Getting Curious About Ourselves to Harness the Good in Our Lives

If you could do one thing all day, what would it be? 

When I ask kids this question, I get responses that give me insights into their interests and daily lives: shoot hoops in my driveway, bake cakes, go fishing, jump on a trampoline. Tapping into children’s interests can help us recommend texts they may want to read to further their knowledge or to fall in love with characters that feel like a mirror to them. But we can also make important connections between children’s interests and what it means to be a reader or writer: 

“How do you learn new shots in basketball?…That sounds a lot like the process of learning how to write new kinds of sentences” or “What’s your favorite cake to bake and what’s the process?…Wow, it sounds like sometimes you use a recipe and sometimes you improvise. That sounds a lot like how we use different strategies as readers depending on when we need them.”  

Metaphors are powerful memory tools and the more personalized the metaphor, the more likely we’ll remember it. 

I ask kids questions like this because it’s a teaching tool, but also because I want them to get curious about themselves. When we get curious about ourselves and how we want to shape our time, we learn a lot about ourselves. Learning how to pay attention to our likes, dislikes, and natural curiosities can help us shape the thoughts we have which then affect the way we feel

This year, our ten-year-old has fallen in love with the Wings of Fire series. He’s on book twelve of the series and chooses to read on the weekends, before bed, and when he wakes up. His book club book chosen for him by his teacher about a boy living a hundred years ago in Texas…not so much. He’ll read it because he has to, not because he wants to. And that’s okay.

The truth is no one is interested in everything. There are things we like to learn about or do more than other things. Learning how to balance our time and energy based on the things we are curious about and interested in and our obligations to others is simply a part of life.  It’s how we become agentive and take ownership of our actions, thoughts, and feelings.

I ask kids other questions like: What is something you are looking forward to? What is something good in your day so far? What is something you feel grateful for? When do you notice you get bored? Why do you think that is? What did you learn you today that you didn’t know before? When you get stuck, how do you get unstuck? Even when there are a host of challenges in our lives, if we can focus on what we are looking forward to, things we are grateful for, new things we are learning, and how we are inherently resilient it can give us an important happiness boost. 

While we want young people to try many things and to discover new interests, we cannot force positive feelings about everything in school or in life. But, we can support them to take notice and get curious about themselves. The more curious we are about ourselves, the more we can tap into our strengths and use our time to hone our potential and contribute to the well-being of others. And the more we reflect on ourselves as a practice, the more we will begin to notice patterns about ourselves to catch and harness the good in our lives.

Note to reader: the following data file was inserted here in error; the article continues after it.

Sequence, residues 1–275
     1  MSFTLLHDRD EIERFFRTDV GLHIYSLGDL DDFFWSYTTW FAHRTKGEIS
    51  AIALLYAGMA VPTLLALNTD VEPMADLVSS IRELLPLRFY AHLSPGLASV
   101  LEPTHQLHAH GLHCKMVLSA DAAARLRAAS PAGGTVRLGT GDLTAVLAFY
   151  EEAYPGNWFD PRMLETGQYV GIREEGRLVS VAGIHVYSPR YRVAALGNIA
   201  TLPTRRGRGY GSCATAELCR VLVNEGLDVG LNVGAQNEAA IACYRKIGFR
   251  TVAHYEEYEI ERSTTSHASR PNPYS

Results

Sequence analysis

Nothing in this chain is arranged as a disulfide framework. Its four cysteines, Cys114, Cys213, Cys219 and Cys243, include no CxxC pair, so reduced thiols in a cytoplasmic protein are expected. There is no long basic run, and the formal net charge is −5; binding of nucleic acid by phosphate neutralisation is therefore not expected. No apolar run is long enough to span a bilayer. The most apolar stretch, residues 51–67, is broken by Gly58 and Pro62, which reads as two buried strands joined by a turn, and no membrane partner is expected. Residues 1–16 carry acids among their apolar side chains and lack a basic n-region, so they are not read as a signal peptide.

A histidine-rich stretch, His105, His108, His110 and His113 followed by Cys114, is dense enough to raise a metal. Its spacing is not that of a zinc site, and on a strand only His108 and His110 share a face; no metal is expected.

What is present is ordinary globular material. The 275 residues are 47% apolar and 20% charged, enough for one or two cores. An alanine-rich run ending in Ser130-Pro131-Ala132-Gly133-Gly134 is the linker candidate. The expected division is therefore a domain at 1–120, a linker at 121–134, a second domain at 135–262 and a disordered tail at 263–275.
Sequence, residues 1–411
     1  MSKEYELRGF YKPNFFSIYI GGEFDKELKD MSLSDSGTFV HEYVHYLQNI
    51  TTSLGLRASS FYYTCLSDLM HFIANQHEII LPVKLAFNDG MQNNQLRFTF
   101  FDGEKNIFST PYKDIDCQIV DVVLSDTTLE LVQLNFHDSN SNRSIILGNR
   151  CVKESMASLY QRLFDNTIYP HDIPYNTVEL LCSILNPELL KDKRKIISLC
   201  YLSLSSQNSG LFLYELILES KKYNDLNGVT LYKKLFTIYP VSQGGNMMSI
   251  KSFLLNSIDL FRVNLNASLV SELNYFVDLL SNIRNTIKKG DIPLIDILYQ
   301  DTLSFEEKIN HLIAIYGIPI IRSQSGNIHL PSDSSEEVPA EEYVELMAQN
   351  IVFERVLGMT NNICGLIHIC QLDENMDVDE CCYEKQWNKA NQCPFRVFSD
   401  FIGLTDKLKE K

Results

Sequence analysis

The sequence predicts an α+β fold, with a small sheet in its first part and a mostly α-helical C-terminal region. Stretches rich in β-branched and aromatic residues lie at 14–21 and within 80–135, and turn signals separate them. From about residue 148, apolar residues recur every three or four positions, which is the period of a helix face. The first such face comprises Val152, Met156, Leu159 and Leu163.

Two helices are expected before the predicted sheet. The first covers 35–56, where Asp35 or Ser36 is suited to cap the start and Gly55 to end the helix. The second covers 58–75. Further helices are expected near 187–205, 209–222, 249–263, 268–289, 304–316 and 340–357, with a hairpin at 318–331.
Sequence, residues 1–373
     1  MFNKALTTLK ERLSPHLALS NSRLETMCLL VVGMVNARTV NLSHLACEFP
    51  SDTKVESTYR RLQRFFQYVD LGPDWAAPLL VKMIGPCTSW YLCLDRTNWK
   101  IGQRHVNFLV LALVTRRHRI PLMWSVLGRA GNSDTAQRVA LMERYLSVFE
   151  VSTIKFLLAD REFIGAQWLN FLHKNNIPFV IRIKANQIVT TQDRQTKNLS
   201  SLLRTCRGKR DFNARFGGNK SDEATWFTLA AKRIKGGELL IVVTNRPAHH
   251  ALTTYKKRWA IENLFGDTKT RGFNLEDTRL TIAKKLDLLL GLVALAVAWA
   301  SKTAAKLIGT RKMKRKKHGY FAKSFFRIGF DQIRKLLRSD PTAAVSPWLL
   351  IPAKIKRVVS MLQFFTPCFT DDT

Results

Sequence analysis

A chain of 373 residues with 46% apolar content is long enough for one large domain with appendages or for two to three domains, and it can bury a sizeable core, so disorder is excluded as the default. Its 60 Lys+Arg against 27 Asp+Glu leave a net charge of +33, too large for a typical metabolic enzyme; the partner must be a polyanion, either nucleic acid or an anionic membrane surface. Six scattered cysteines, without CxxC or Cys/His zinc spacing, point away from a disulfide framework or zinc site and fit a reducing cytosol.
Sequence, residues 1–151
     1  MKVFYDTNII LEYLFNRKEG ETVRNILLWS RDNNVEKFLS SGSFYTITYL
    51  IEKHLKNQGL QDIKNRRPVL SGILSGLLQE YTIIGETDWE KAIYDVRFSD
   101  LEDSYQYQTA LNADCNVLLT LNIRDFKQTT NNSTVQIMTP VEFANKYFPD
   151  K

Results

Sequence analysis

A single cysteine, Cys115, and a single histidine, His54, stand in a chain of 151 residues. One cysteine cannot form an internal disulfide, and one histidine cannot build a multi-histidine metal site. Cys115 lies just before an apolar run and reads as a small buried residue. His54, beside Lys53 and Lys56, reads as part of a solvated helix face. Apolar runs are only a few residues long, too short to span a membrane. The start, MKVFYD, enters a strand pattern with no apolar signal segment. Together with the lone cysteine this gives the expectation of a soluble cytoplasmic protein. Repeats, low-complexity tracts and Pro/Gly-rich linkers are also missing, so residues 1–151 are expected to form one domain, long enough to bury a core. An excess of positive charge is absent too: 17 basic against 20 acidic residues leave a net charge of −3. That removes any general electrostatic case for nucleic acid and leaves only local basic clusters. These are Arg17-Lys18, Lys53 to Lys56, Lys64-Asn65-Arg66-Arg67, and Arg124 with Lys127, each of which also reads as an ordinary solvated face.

Years ago, my husband, gifted me the Five Minute Journal by Intelligent Change. It’s an incredibly simple resource for getting curious about yourself and noticing patterns about your thoughts, feelings, and actions. Every morning I write down three simple statements that all begin:

I am grateful for _____

What would make my day great?

I am (affirmation)_____

Before bed I jot down responses to two more prompts:

3 Amazing things that happened today…

 Could I have made my day even better?

Through this journaling process, I’ve become more curious about myself. I notice when gratitude feels hard which is usually when I’m feeling stressed. I notice when my responses include details about my children that I’m glad I didn’t miss. I notice that food and movement show up a lot in my responses and that when I have a plan for healthy eating and morning movement I feel better for it. The journaling process has been a way for me to catch my thoughts and create my own happiness. 

If we can change the way we think and where we put our mental energy, we can reshape our thoughts and our feelings. We cannot always think happy thoughts. Nor should we expect that of our children. But we can take note of our thoughts, get curious, and learn how to focus on the positive over time. Getting curious and noticing patterns in ourselves is a lifelong process. So is finding happiness. 

Below are some ideas about how to help kids to get curious about themselves to harness the good in their lives:

At home:

-Share stories about how you got curious about yourself and learned a new skill or passion in the process